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How AI is Helping Airlines Tackle Contrail Emissions

Clearing the skies with AI

How AI is Helping Airlines Tackle Contrail Emissions

The white streaks crisscrossing the sky, known as contrails, are more than just a visual spectacle – they're a significant contributor to aviation's environmental impact. According to the Intergovernmental Panel on Climate Change (IPCC), clouds formed from contrails account for a staggering 35% of the global warming impact from the aviation industry.

As the world grapples with the urgency of addressing climate change, airlines, tech companies, and researchers are turning to artificial intelligence (AI) to help navigate a path towards reducing contrail emissions.

Contrails, short for condensation trails, form when water vapor condenses around jet engine pollutants. While they may seem harmless, these cloud formations can persist for hours, trapping heat and contributing to the greenhouse effect. In some cases, contrails from separate jets even combine, creating a larger surface area that intensifies the warming impact.

To explore the possibility of mitigating contrail formation, American Airlines, Google Research, and Breakthrough Energy, an initiative by Bill Gates, conducted a series of 70 test flights using satellite imagery and AI. The goal? To identify conditions where contrails are likely to form and plan routes that avoid those areas.

How AI is Helping Airlines Tackle Contrail Emissions

By leveraging AI and satellite data, airlines can potentially plan flight paths that minimize the formation of persistent contrails. The initial tests showed promising results, with planes successfully avoiding contrail creation when following the optimized return routes suggested by the AI model.

While the initial findings are encouraging, reducing contrail emissions on a larger scale will require a collaborative effort among airlines and the integration of AI technology into existing flight planning systems.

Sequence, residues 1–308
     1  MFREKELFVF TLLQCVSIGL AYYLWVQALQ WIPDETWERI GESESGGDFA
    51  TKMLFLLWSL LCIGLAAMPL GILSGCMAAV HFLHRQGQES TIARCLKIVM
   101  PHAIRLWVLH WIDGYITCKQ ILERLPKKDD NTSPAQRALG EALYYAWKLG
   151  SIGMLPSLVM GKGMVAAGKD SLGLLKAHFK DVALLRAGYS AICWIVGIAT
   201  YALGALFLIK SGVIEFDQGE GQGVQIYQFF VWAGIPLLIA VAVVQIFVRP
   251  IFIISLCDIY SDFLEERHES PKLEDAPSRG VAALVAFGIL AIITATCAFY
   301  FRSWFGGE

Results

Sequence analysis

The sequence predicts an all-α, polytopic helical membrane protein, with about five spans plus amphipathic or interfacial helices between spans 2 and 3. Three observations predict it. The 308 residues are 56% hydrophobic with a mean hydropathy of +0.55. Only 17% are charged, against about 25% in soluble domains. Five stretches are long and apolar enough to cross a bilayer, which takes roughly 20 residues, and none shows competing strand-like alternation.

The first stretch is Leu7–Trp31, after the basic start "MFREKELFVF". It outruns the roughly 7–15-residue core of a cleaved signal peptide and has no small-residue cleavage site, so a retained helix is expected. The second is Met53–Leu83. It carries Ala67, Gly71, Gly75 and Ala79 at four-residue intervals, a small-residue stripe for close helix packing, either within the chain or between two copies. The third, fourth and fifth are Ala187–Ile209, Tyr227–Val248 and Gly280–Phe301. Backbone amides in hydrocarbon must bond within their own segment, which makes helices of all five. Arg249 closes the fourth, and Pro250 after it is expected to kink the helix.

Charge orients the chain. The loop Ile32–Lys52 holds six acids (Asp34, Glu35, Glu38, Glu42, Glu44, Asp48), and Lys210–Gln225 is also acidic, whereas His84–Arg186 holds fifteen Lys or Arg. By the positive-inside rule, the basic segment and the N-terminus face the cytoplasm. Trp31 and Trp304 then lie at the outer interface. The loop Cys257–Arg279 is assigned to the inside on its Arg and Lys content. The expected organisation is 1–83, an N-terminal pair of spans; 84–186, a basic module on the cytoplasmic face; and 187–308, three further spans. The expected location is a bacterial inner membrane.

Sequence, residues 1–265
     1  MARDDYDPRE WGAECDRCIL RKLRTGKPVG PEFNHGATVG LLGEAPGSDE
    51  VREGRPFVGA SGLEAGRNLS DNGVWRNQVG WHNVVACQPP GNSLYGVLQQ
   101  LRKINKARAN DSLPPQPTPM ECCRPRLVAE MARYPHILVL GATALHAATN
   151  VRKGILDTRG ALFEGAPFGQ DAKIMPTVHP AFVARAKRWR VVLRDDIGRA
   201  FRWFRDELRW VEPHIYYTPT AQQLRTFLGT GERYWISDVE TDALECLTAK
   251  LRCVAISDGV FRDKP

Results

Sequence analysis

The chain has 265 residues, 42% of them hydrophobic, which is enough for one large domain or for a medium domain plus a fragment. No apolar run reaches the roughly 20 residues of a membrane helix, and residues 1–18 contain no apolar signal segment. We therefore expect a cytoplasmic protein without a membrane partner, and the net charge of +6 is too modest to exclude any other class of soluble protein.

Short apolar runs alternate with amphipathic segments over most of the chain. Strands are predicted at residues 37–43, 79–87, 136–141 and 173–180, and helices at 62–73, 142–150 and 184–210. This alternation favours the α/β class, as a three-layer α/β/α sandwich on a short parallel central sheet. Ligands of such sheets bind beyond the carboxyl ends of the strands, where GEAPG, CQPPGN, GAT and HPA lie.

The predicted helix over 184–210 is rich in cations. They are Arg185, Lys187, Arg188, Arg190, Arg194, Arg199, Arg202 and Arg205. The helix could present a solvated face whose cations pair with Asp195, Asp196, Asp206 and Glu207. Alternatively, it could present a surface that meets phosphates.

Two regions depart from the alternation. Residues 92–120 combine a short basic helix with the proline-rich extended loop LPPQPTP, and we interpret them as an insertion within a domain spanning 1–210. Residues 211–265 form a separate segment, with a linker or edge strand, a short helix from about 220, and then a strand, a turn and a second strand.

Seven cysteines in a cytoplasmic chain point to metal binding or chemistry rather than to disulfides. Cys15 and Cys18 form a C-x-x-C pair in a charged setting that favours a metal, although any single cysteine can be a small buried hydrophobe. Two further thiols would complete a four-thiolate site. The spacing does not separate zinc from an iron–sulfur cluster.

"If one airline avoids creating a contrail and another doesn't, you still have the contrail," says Jill Blickstein, Vice President of Sustainability at American Airlines, emphasizing the need for industry-wide adoption.

Delta Air Lines, in partnership with MIT's Department of Aeronautics and Astronautics, is also developing an AI-powered algorithm to detect and forecast contrails, with the ambitious goal of reducing them by 80%.

Addressing the issue of contrails can be as straightforward as adjusting the altitude of planes to avoid areas with high humidity, conditions that are conducive to contrail formation.

"You've probably been on a plane where you hit strong turbulence and the pilot says we're going to go up or down to get out of it; so this would be the same thing," explains Marc Shapiro, head of the Breakthrough Energy Contrails team.

While these altitude adjustments may result in a slight increase in fuel consumption due to deviations from optimal flight trajectories, the potential environmental benefits outweigh the costs.

As the aviation industry continues to explore sustainable solutions, the integration of AI technology in contrail mitigation efforts represents a promising step towards reducing the industry's carbon footprint and paving the way for a greener future in air travel.

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